Celebrating Sway of Mind

Terry Schwadron
4 min readMay 10, 2024

Terry H. Schwadron

May 10. 2024

We’re so lost in our need for certainty in public policymaking that we can’t even seem to recognize negotiations when they are underway.

Instead, every public utterance, whether by officials or by those pushing for lawmakers to take a stand take every move as if it is the end of the discussion, and it is now time to whine, cajole, and denounce as if it is the last move.

We’re seeing plenty of examples.

When Joe Biden announced this week that he is withholding some offensive weapons from Israel over the continuing dispute over whether the Israeli military launches an assault on refugee-rich Rafah, we should be seeing this as a pressure point in negotiation with Israeli Prime Minister Benjamin Netanyahu rather than the abandonment of our key ally in the Middle East.

Biden is frustrated with Netanyahu’s insistence on flipping off U.S. proposals to be careful about the inevitable harm to a million or more civilians. The offensive weapons are a negotiating tool, not a new policy, and the ammo for defensive Iron Dome missile systems, for example, continue without question. Israeli right-wingers are incensed.

But for Republican critics in Congress, including Sen. Lindsey O. Graham Jr., R-SC, it sounds as if Biden is inviting Hamas terrorists to take over the world. To the campuses where protests continue towards non-specific objections to the continuing, over-the-top reprisals for the Oct. 7 horrors, there is no recognition that Biden is taking an important military step towards showing care for civilians.

And for those of us watching, one must wonder why Israel needs 3,500 heavy-duty bombs, including 2,000-pound and 500-pound munitions, to bust through tunnels in a single corner of a whole territory the size of New Jersey, while causing lots of indiscriminate civilian death.

Looked at broadly, there is no celebration for negotiation as a means to sway minds. Of course, the outcome of negotiation is, well, compromise.

In Congress

The temporary alliance of convenience from Democrats this week in Congress that kept Speaker Mike Johnson, R-La., in his job was a form of negotiation as well.

This time, the greater evil was seen as continuing power politics from the Republicans’ most extreme flank, carried forth by Rep. Marjorie Taylor Greene, R-Ga., whose bid to oust the Speaker was unceremonious buried in a wide bipartisan vote.

But it would be silly to think that either Johnson has come to a bipartisan epiphany about looking logically at legislation based on its merits alone and not for partisan gain, just as it would be inane to think that Democrats actually want Johnson as their congressional leader.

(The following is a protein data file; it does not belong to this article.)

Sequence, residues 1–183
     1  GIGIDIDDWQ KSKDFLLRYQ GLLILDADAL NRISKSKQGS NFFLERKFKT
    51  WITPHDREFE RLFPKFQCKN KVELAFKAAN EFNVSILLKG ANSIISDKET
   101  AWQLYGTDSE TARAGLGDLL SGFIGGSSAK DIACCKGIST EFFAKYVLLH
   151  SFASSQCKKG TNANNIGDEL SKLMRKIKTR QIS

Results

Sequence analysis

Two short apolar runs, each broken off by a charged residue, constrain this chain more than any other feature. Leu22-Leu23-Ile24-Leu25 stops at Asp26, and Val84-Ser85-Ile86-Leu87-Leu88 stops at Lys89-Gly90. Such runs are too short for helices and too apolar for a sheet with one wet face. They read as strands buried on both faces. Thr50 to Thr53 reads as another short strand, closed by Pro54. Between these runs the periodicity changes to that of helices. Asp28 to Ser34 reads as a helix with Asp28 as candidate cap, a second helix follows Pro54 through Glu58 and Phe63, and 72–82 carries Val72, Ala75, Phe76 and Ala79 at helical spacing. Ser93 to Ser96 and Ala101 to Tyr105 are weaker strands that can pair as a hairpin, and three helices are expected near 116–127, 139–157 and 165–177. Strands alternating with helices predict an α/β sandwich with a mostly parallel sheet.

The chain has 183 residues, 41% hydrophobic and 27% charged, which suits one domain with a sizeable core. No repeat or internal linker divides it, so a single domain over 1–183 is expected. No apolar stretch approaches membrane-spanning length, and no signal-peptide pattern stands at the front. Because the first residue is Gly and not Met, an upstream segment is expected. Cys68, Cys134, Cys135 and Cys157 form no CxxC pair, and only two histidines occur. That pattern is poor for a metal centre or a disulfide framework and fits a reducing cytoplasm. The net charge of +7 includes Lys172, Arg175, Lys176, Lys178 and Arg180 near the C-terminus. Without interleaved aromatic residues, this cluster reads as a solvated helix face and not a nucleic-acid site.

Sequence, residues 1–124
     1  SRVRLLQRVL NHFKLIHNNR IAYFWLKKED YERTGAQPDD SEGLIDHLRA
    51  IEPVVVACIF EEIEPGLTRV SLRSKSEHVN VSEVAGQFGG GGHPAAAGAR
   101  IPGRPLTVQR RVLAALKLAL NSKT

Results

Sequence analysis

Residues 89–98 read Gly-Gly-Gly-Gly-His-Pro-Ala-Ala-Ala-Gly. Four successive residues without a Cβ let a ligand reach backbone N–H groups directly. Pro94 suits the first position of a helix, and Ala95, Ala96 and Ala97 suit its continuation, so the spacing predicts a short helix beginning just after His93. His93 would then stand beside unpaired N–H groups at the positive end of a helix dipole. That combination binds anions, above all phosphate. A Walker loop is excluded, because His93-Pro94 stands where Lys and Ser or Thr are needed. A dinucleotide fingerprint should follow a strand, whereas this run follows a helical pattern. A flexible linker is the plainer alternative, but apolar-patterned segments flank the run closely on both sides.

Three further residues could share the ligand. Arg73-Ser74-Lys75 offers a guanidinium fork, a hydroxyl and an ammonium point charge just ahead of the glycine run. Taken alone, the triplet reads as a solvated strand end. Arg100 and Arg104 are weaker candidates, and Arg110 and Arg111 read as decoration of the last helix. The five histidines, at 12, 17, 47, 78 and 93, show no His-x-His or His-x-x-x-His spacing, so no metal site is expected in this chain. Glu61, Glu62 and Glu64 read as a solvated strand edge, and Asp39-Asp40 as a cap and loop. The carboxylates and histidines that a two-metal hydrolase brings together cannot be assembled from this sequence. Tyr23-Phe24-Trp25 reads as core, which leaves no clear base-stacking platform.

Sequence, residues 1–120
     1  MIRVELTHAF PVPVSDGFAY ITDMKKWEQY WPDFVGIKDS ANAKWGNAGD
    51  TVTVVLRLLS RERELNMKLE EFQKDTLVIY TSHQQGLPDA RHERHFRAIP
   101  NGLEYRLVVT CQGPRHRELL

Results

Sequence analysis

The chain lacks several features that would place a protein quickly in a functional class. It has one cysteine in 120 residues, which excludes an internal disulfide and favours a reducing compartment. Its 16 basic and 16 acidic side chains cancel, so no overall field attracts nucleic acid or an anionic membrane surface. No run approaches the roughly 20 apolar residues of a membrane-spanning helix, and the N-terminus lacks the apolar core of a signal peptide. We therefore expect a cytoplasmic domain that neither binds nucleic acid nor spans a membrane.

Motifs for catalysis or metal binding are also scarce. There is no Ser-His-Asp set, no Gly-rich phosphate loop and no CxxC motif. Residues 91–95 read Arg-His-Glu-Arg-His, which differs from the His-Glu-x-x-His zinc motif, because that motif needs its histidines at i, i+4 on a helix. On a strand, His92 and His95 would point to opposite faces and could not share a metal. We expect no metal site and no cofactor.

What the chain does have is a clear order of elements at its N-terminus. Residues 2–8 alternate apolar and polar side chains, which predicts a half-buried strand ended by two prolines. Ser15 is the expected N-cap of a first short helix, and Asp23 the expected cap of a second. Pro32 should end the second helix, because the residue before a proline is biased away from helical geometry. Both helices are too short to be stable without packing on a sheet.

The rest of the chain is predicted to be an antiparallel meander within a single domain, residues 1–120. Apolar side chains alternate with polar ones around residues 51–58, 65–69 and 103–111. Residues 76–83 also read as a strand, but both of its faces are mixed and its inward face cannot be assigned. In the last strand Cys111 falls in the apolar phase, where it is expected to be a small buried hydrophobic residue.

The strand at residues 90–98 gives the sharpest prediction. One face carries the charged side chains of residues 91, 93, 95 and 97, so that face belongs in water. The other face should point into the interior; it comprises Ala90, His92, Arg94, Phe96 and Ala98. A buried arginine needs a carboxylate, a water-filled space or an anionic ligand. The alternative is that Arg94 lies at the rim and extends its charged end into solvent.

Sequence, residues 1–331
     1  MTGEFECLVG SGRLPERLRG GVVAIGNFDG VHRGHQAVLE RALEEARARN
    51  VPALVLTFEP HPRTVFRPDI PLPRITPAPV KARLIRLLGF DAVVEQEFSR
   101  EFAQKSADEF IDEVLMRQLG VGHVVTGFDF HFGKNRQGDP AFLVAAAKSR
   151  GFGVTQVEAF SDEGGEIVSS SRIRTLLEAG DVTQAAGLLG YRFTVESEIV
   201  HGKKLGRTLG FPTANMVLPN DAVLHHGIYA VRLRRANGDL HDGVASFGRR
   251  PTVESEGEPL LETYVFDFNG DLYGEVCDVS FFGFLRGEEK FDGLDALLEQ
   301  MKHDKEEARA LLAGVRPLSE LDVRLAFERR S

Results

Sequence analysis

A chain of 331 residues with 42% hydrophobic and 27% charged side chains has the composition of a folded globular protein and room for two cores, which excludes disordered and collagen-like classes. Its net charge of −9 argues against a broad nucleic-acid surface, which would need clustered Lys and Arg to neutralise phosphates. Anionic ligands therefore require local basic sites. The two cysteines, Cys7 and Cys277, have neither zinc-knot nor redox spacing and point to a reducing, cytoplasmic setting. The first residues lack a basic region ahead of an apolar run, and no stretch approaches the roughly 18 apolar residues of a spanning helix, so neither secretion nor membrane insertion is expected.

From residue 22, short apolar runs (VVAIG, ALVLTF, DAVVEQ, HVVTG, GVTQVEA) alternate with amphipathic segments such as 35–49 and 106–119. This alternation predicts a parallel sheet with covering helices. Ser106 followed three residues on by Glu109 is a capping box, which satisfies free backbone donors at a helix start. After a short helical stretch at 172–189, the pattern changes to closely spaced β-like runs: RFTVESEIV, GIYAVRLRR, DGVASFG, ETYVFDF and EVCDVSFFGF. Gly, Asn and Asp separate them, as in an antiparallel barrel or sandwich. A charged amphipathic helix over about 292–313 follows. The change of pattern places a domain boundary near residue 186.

No, this was an alignment of convenience towards having a functioning Congress altogether. Still, in our personality-based politics, the number of news reports that presented this push and pull as an intellectual showdown of competing policy agendas frankly was staggering.

Rather, this style of political posturing is better understood as one in a series of clashes that aim for bigger stakes in an election that will pit very different visions of an America that either recognizes its fundamental injustices or not, that value democratic values including the peaceful transfer of power and a system of checks and balances or not.

Broader Disagreements

You can see much the same on dealing with the current campus unrest, with the debates having turned away from the substance to talk about when to call the police, an act that, in itself, prompts more street protest.

Whatever “negotiating” is going on, it focuses on the wrong issues because the parties are interested in diametrically opposing conversations.

The faux-negotiation attitude is in the atmosphere of these continuing, barely disguised congressional hearings over schools and anti-Semitism policies that are not aimed at protecting Jewish students, but on spreading a partisan attack on woke schools and colleges over hated rules and practices towards racial diversity and identity recognition. If anti-Semitism were the goal,

Republicans leading these congressional hearings would have to deal with their presidential candidate who dines with white supremacists and their own congressional members who attack “Jewish space lasers” for wildfires and Jewish philanthropist George Soros for every prosecutor whose work they abhor.

Attitudes that accept negotiation as a necessary tug of war in our society would recognize that Republican dominated state legislatures should not be passing strict abortion bans while state after state votes popularly to maintain abortion rights, or to loosen gun ownership rules when poll after poll suggests that the public wants gun safety laws.

Substitute immigration, health care, education, race relations and you get the same problem over and over. Rather than negotiation, we want our way — whatever it happens to be.

In that spirit, it is unsurprising that whatever the latest statement, suggestion, negotiating stance is seen as a final demand by whoever opposes it.